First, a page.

Sarah and Sam compete for bragging rights with career-high double

By Dennis Ryan

17 Nov 2021

Sarah and Sam compete for bragging rights with career-high doubleSarah Macnab has every reason to smile after winning the New Zealand Cup on Mondorani.

The game of one-upmanship got serious last Saturday afternoon for jockey partners Sarah Macnab and Sam O’Malley when they experienced career highs within minutes of each other.
O’Malley made the opening bid on bragging rights by claiming his first feature win on the Allan Sharrock-trained Justaskme in the Gr. 2 Gartshore Tauranga Stakes. But he hardly had time to accept congratulations from his jockey room colleagues before Macnab chimed in with an upset victory on the Kevin Myers-trained Mondorani in the Gr. 3 Martin Collins New Zealand Cup.
“I managed to catch Sam’s win on Trackside just before going out to mount up for the New Zealand Cup,” Macnab told RaceForm earlier this week. “Afterwards I felt a bit mean with everyone saying I hardly gave Sam time to enjoy his big moment before I had mine!”
That’s all in jest of course, as the truth is 22-year-old Macnab and the year older O’Malley are simply pleased for each other. Both completed their apprenticeships with one of the most astute in the business, Kevin Myers, and both admit to having benefitted immensely from his mentoring.
Whanganui-raised Macnab followed a family tradition by taking out an amateur rider’s licence when she was still attending high school. She won the amateurs’ unofficial championship race, the Duke of Gloucester Cup, on Teddytwinkletoes, part-owned by her grandfather Dave Macnab, who had begun a family tradition by winning the same race three times in the 1940s.
Winning the 2016 FLAIR Amateur Riders’ Series convinced Macnab that she wanted to be a fully-fledged jockey, and after signing up with Myers her and riding 47 winners in her first two seasons, she suffered serious head injuries in a race fall at Woodville in September 2018.
“It was hard but I never lost the desire,” she recalls. “It was just a matter of allowing myself enough time, and after eight months I was able to make it back.”
Along with her own family, the Myers family has been an important part of moulding Macnab’s career, not just Kevin Myers but others such as his niece Rosie, who has not ridden since she too suffered serious head trauma in a trials fall just over a year ago.
“Rosie has always been someone I’ve looked up to as a role model,” says Macnab. “She taught me a lot to begin with and has been there to help whenever I’ve needed it.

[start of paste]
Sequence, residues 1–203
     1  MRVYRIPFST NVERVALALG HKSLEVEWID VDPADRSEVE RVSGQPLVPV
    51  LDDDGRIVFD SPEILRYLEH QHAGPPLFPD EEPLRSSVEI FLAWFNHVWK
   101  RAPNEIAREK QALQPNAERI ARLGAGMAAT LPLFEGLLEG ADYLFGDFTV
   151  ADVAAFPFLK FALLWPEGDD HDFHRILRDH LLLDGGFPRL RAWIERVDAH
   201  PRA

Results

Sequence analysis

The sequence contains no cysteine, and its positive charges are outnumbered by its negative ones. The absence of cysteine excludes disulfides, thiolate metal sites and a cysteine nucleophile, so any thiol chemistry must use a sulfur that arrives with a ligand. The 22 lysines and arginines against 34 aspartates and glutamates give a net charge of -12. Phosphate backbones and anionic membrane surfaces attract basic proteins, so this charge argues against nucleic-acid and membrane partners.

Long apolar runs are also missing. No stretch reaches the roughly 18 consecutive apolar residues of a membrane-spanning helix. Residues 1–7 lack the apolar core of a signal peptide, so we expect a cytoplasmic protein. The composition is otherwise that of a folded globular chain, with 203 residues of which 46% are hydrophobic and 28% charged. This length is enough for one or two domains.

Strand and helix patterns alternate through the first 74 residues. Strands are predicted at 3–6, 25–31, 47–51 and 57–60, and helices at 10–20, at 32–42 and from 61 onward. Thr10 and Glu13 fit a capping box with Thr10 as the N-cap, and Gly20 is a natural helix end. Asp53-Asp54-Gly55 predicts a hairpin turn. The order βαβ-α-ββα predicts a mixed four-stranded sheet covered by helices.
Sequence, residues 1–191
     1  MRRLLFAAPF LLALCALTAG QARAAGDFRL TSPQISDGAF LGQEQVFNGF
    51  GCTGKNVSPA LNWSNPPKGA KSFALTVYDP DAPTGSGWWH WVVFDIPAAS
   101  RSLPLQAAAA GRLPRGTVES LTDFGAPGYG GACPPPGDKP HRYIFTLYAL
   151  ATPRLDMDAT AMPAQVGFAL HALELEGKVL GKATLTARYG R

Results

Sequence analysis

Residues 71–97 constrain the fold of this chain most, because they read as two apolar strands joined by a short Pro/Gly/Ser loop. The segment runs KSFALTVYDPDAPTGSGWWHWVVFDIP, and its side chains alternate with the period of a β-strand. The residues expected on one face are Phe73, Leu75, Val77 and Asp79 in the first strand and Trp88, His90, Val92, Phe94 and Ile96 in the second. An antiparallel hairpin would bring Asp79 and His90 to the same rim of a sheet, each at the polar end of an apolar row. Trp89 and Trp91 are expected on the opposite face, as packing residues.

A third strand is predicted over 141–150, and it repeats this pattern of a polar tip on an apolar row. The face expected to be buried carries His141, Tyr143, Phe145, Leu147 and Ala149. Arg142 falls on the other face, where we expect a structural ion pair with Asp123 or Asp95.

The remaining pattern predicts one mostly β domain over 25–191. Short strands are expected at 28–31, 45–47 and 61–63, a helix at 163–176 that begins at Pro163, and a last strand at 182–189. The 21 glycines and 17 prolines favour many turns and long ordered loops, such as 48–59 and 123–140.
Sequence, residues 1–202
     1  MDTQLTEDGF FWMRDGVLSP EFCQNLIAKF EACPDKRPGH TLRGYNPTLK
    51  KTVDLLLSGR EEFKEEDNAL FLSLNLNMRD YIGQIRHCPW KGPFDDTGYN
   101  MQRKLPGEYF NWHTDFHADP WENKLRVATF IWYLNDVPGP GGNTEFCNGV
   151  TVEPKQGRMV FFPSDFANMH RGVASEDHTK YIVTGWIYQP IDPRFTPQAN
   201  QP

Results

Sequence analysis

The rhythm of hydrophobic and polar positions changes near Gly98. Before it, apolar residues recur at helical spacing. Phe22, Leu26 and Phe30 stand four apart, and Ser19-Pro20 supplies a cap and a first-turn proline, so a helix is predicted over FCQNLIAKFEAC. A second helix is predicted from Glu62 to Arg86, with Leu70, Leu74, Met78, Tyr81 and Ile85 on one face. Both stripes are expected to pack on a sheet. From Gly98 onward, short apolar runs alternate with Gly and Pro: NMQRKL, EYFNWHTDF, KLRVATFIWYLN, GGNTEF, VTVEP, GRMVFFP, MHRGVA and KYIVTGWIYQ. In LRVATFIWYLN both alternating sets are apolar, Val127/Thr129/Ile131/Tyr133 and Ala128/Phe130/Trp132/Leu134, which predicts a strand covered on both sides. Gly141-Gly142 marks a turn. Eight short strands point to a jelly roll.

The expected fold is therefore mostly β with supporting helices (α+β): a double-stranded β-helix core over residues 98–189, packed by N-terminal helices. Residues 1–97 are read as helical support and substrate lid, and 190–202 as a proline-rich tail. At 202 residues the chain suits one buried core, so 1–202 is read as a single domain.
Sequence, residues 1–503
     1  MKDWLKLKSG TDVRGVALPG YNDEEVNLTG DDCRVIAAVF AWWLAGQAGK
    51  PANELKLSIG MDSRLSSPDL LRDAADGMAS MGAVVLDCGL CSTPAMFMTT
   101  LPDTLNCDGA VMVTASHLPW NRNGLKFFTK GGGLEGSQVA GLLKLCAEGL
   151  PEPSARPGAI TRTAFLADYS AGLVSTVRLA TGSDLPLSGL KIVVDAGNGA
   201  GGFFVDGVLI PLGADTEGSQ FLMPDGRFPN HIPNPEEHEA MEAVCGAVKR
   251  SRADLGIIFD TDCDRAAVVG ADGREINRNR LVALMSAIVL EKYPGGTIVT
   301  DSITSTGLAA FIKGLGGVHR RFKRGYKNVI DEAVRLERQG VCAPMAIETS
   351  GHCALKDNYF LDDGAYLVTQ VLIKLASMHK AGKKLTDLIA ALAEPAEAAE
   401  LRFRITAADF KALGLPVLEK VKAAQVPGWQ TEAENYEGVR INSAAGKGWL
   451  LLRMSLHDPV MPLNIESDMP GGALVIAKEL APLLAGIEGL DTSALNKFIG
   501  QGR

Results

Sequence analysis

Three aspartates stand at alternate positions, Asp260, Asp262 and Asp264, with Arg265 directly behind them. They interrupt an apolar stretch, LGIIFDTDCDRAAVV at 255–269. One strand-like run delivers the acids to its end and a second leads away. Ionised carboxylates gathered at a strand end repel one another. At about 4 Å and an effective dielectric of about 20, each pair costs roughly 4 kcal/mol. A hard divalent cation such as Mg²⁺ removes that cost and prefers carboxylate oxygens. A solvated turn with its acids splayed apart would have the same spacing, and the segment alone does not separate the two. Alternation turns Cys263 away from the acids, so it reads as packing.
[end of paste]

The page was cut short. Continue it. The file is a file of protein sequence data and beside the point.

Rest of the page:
“I caught up with her over lunch a couple of weeks ago and it was good to see that she’s doing well. I got a message from her straight away after my win on Saturday. That meant a lot to me.”
When she partnered the Kevin Myers-trained Spring Cheer, Rosie was the second in a sequence of female jockeys to ride the New Zealand Cup winner in the eight years from 2012 to 2019. Her sister Kelly, who had already won on the longshot Hoorang in 2008, added further wins on Mungo Jerry (2014) and Pump Up The Volume (2016), Lisa Allpress rode Blood Brotha in his second win in 2012, Sam Spratt completed a double on Gobstopper and Bizzwinkle in 2017 and 2018, and Leah Hemi added another on Dee And Gee in 2019.
Craig Grylls broke the gender mould on Dragon Storm last year, but Sarah Macnab put the record straight last weekend with her victory on Mondorani. “His lead-up for fourth on the first day was a very good run and I expected him to go well, but I was anything but confident on the turn,” she admits. “Kevin had told me to not hurry him, then when the time was right to get out into the better ground to make my run.
“He relaxed nicely for me, but with the ground like it was down on the inside he wasn’t enjoying it much and coming to the turn I really thought I was gone. I knew what the instructions were though, and I couldn’t believe the difference when I got him out wide.
“Everyone has been asking me why I was shaking my head as we crossed the line in front. I suppose it was because from one stage thinking he couldn’t win and then he did, and of course once again Kevin was right. He’s not often wrong you know.
“Kevin has been so supportive, I love riding his horses and it was great to get such an important win for him,” says Macnab of her 61st win in a career total of 143 for the man they call Dummy. “I also have to say what a big job Lisa Kennedy does; she’s in charge of Kevin’s stable at Santoff where Mondorani is based.”
Macnab has a busy schedule between racedays that as well as the Myers team, includes riding work at Awapuni and Foxton. “I’ve also had good support from trainers like Peter Didham and Chrissy Bambry and that’s enabled me to ride a lot of nice horses. Peter’s mare House of Cartier is one of them and Chrissy’s include Spring Tide, who gave me my first Group One second in the Tarzino Trophy.”
As for the friendly competition with her partner, points-scoring will continue to be an important and entertaining motivator. “I’ve won more black-type races than Sam and had a Group One placing, but he’s done something I haven’t, he’s won a Group Two,” says Macnab.
“But when we compared trophies from Saturday, at least I could say I’ve got the biggest cup!”